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FILM ROOM: How Staats dishes assists

Highlighting the work Staats does during a game that doesn't show up in the boxscore

When Randy Staats has a good game, you don’t always see the full story in the final boxscore.

The Six Nations, Ontario native led the Swarm in its Home Opener with eight points (2G, 6A). Arguably the most impressive facet of his game last Saturday was how five of his six assists were primary ones.

But not all assists are created equal. Since the NLL defines an assist as “(a)ny pass or two passes, by a player or players, to a teammate who then scores a goal is an assisted goal,” that means a player can get an assist for a goal that he’s not really involved in just because he passed it to the eventual goal-scorer.

So how do we determine how impactful Staats’ dishes were on Saturday? The eye-test.

When evaluating how effective a player has been offensively, there are a number of intangibles we can’t properly value numerically — think setting picks, sealing an opponent, or operating as a screen. Along with a player’s floor vision, that’s generally the things we’re looking at when breaking down a play.

Applying those factors to Staats’ work on Saturday is telling. The 26-year-old’s lone secondary assist of the night came on Georgia’s second power play goal, and it was Miles Thompson’s 100th career goal.

Ball movement is always good as it spreads a defense around. Adam Bomberry stretched a little too far into Greg Downing’s zone in the penalty kill formation, which Lyle Thompson saw and took advantage of with his off-ball pass to Miles. There’s not necessarily a rating system I am aware of as far as how impactful a player’s assist was to the goal being scored, but it’s safe to say Staats did have a small hand in Miles’ goal if only because he drew the overzealous defensemen towards him and moved the ball around.

For his five primary assists, let’s break them down individually to help decide how important his efforts were and learn some life lessons simultaneously:

  • 1st Swarm goal, assisting Shayne Jackson (5:15 1st): Jackson was cutting in through the defense’s gap in the high slot on the left side. Staats saw him and made a perfect pass through traffic for Jackson to eventually net. Moral of the story: don’t give Jackson that much of an alley to run through.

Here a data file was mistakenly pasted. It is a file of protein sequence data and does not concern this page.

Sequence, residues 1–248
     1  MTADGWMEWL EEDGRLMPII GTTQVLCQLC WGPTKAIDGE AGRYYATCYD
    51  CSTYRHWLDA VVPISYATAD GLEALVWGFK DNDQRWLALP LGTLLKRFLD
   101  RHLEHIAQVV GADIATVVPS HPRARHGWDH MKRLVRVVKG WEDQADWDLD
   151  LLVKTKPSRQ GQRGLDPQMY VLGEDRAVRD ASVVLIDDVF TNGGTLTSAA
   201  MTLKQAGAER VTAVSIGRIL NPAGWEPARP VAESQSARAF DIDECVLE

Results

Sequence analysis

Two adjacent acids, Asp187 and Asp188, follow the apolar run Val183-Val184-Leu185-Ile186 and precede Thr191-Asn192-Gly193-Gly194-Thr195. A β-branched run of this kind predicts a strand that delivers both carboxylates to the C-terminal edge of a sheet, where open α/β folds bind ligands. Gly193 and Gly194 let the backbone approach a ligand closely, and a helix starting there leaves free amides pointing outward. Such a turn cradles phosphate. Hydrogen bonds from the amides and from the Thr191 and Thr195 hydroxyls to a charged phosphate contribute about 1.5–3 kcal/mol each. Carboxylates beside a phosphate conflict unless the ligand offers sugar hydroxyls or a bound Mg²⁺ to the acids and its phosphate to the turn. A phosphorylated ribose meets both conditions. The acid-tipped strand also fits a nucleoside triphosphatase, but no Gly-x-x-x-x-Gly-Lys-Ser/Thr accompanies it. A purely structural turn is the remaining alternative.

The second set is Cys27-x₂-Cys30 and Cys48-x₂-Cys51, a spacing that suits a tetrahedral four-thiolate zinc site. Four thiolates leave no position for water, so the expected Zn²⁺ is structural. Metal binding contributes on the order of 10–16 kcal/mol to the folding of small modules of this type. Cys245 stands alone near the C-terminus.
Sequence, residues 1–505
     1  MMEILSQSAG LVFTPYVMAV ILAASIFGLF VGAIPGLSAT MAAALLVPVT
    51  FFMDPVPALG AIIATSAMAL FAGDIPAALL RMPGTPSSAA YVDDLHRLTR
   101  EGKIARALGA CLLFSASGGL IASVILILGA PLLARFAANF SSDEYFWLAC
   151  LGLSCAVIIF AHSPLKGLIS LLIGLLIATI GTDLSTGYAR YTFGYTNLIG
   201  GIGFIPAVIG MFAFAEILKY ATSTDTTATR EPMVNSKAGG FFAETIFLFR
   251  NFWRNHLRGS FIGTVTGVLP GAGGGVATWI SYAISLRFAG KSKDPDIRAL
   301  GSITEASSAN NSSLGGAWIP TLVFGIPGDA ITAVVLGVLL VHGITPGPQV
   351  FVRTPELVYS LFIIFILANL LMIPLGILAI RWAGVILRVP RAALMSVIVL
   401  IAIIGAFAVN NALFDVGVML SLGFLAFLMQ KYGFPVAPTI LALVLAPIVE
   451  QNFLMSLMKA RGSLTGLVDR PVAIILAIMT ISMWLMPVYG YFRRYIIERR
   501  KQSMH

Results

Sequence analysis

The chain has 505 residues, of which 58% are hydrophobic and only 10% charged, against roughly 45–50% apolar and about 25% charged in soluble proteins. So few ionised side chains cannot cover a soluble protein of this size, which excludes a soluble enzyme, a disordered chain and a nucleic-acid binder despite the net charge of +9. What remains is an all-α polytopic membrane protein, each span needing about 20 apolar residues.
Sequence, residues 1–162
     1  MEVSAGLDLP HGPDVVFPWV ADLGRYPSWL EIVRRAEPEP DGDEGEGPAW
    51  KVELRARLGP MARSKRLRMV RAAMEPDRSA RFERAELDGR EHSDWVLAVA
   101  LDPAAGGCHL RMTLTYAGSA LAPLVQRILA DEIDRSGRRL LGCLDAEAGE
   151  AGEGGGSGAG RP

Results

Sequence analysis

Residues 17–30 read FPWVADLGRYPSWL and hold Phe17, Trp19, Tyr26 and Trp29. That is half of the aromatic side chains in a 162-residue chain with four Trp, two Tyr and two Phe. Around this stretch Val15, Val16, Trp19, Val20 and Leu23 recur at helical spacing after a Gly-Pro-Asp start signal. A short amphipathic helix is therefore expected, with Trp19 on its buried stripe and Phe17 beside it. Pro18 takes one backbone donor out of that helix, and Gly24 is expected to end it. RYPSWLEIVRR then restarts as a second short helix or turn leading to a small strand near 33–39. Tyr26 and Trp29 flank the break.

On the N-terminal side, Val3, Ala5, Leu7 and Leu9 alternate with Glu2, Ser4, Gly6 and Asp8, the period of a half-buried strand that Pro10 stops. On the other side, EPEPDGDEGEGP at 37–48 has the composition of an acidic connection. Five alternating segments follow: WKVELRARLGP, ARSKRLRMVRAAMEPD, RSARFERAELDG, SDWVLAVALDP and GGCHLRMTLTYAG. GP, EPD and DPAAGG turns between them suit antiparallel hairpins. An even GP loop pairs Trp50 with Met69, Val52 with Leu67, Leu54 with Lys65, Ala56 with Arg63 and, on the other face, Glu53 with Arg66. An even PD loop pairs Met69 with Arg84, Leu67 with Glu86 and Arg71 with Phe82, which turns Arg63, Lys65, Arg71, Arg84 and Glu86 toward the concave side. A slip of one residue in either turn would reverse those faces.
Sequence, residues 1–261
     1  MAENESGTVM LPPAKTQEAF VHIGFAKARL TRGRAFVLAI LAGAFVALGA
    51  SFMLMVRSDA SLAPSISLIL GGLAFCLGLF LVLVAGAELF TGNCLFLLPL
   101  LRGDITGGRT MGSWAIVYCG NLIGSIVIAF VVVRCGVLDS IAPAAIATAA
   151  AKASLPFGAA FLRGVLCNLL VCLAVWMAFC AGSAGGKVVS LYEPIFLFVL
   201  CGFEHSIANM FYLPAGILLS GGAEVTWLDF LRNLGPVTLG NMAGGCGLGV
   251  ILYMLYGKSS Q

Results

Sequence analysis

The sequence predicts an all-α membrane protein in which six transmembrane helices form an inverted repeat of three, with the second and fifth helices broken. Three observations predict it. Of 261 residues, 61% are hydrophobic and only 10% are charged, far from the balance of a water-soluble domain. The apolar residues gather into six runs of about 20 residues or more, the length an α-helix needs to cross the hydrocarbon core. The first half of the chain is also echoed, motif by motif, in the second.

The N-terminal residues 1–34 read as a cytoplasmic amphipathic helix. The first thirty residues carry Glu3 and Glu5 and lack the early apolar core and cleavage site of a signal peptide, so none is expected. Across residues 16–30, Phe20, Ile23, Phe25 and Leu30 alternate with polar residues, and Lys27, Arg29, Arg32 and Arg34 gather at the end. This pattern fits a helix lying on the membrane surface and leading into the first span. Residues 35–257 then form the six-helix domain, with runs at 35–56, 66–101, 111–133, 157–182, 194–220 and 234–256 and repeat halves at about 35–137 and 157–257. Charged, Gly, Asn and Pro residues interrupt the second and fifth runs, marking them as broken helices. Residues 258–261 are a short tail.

• 8th Swarm goal, assisting Zed Williams (7:34 3rd): The important part of this assist was more what Staats did after he gave Williams the ball. Staats pinned himself to Joel Coyle’s arms, an off-ball seal on the sliding defender. This seals Coyle’s stick and gives Williams space to wind up and rocket the ball into the goal. Moral of the story: don’t give Williams that much room to wind up.

  • 13th Swarm goal, assisting Lyle (9:33 4th): Staats is in the right corner, receives a pass from Miles, sees Lyle cutting a step ahead of David Brock through the middle, and makes another perfect pass. Moral of the story: don’t give Lyle any breathing room.

  • 14th Swarm goal, assisting Lyle (9:50 4th): Staats hands the ball off to Lyle as the offense and defense are getting set, all Lyle with that farside changeup. Moral of the story: what did I just say about giving Lyle any breathing room?

  • 15th Swarm goal, assisting Holden Cattoni (13:06 4th): Brendan Bomberry doesn’t take advantage of the empty net and makes a bounce pass to Staats. Staats sees he has Coyle in front of him and immediately flips it to Cattoni, who’s near the crease and more open. Cattoni pumps some fakes and scores. Moral of the story: this offense doesn’t need an empty net to score.

Out of his five primary assists, only one really didn’t need Staats, and that was Lyle’s second goal. Staats’ night was made up of crisp and timely passing via great floor vision and using his body to create an opportunity for Williams to score. To have a night where four of your primary assists are very dependent upon you is great.

It’s small sample sizes for right now since we only have a game under our belt, but you have to like what Staats did in that one game since it’s typical of what he does every game.

When I spoke with assistant coach Dan Ladouceur a few months back about Staats, he remarked, “(E)ven when he’s not scoring points for us, he’s doing good things like setting big picks out there, setting great seals for Lyle to come around and for (former Swarm forward) Kiel Matisz to move. Even though it’s not showing up in the score sheet, which traditionally a goal-scorer is going to measure himself by, he’s doing great things.”

Staats doing great things meant he was involved in half of Georgia’s goals on Saturday. That’s the kind of production throughout a season which can result in some new career highs.

The Swarm’s next home game is Saturday, Jan. 5 against the Vancouver Warriors. Hosting Country Night presented by Georgia Lottery, multi-platinum selling singer-songwriter Jerrod Niemann will perform a halftime and postgame concert in the Swarm’s Goal Zone Club. Early arriving fans will receive Swarm cowbells presented by Georgia Lottery.

Lower Level Tickets to Swarm Country Night featuring Jerrod Niemann start as low as $25 and can be purchased online at GeorgiaSwarm.com/CountryNight or by calling 844-4-GASWARM.

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